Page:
The Discovery Coast is renowned for its natural and relatively untouched beauty. It’s one of the few stretches of Queensland coast that remains rugged, undeveloped and laid back. Protecting the environment and managing incursion from people and pests is a delicate balancing act for both local residents and authorities.
Each holiday season, Agnes Water and the Town of 1770 triple in size. The local economy is built on tourism. During the severe drought of 1997 to 2009, a desalination plant was commissioned for the Discovery Coast to purify seawater using reverse osmosis technology. The then Miriam Vale Shire Council argued the undergound aquifer was running out of water and could not sustain predicted population growth. There were community protests, council amalgamations, funding disputes and construction delays which stretched the project out to 2013, when weather patterns had changed to La Nina. Angry with how the project was handled, many in the community argued the plant was not necessary. While predictions of a population boom did not eventuate, the 2016 ABS Census showed that in five years the permanent residential population grew by 21.8 per cent. And now, in 2021, we find ourselves in drought again.
In more recent years, Gladstone Regional Council’s environmental efforts to preserve the Discovery Coast have been focused on irradicating pests and diseases.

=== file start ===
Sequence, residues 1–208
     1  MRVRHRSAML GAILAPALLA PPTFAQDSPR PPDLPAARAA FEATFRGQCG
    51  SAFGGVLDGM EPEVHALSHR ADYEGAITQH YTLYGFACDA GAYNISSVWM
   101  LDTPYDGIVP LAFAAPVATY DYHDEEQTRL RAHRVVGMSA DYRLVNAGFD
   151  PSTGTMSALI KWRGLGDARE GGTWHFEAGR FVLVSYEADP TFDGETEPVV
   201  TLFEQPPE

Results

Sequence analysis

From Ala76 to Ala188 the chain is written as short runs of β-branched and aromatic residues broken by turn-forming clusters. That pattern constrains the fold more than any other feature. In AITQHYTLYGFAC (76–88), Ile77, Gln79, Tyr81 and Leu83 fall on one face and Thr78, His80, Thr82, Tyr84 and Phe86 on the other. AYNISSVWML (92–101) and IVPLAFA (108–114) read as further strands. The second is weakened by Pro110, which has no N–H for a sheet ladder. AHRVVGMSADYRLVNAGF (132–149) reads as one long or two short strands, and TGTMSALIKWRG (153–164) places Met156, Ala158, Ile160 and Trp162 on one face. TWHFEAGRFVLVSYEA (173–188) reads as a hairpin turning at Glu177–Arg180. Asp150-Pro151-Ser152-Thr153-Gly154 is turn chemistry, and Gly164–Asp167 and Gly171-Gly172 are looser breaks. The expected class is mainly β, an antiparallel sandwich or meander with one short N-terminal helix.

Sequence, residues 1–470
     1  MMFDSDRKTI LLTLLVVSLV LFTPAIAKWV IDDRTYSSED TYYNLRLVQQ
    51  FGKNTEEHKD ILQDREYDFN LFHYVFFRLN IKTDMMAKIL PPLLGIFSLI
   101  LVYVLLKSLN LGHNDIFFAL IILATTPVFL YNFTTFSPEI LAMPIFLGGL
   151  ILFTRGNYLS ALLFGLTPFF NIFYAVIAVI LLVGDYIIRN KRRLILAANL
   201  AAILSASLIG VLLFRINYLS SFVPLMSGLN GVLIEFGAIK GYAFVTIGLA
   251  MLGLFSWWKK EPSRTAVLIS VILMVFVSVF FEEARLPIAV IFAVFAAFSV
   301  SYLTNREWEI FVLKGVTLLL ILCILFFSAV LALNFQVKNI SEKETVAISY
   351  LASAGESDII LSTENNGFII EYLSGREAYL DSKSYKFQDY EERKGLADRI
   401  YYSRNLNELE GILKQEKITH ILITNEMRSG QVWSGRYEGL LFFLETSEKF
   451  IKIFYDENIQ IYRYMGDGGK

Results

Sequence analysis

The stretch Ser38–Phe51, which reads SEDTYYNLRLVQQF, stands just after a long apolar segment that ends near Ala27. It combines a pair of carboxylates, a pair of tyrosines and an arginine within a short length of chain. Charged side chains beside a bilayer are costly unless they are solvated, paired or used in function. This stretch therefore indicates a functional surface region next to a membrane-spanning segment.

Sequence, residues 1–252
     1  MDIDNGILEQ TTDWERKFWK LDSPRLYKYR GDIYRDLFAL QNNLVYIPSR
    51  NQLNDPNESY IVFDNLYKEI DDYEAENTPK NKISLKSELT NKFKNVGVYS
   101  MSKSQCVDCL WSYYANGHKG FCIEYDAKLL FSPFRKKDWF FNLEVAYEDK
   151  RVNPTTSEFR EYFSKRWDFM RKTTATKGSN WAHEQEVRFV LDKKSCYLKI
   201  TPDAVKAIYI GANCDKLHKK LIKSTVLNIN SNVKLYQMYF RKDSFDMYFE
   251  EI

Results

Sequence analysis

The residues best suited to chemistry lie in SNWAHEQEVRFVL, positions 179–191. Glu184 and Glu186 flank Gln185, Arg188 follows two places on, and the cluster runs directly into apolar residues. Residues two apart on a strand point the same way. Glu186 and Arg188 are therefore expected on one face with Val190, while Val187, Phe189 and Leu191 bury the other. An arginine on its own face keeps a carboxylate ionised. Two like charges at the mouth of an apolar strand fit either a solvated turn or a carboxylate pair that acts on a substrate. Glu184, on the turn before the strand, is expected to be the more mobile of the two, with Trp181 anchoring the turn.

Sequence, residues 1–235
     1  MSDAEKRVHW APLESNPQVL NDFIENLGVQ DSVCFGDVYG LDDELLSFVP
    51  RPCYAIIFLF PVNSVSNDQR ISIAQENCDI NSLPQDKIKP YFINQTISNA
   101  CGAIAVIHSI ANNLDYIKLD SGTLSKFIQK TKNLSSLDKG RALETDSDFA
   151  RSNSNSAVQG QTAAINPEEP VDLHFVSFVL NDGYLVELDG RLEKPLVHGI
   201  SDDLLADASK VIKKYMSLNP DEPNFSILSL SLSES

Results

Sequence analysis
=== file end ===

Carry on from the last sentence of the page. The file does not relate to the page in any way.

Iconic pandanas trees have been dying back in large numbers due to an infection caused by the pandanas leafhopper insect. As far south as Baffle Creek, the Council has been working with pandanas dieback expert Joel Fostin and Coastal Ecosystem to treat infected trees, mitigate the risk of infection, establish a pandanas nursery and revegetate areas that have been lost. The infection damages the trees’ ability to provide a food source, a wildlife habitat and to help stabilise dunes in our coastal ecosystems.
Over the next three years, starting in September this year, Gladstone Regional Council will work with neighbouring councils and environmental groups to humanely remove European red foxes that prey on endangered sea turtle eggs and hatchlings. A fox den detection dog and handler will help locate active fox dens near turtle rookeries for fumigation.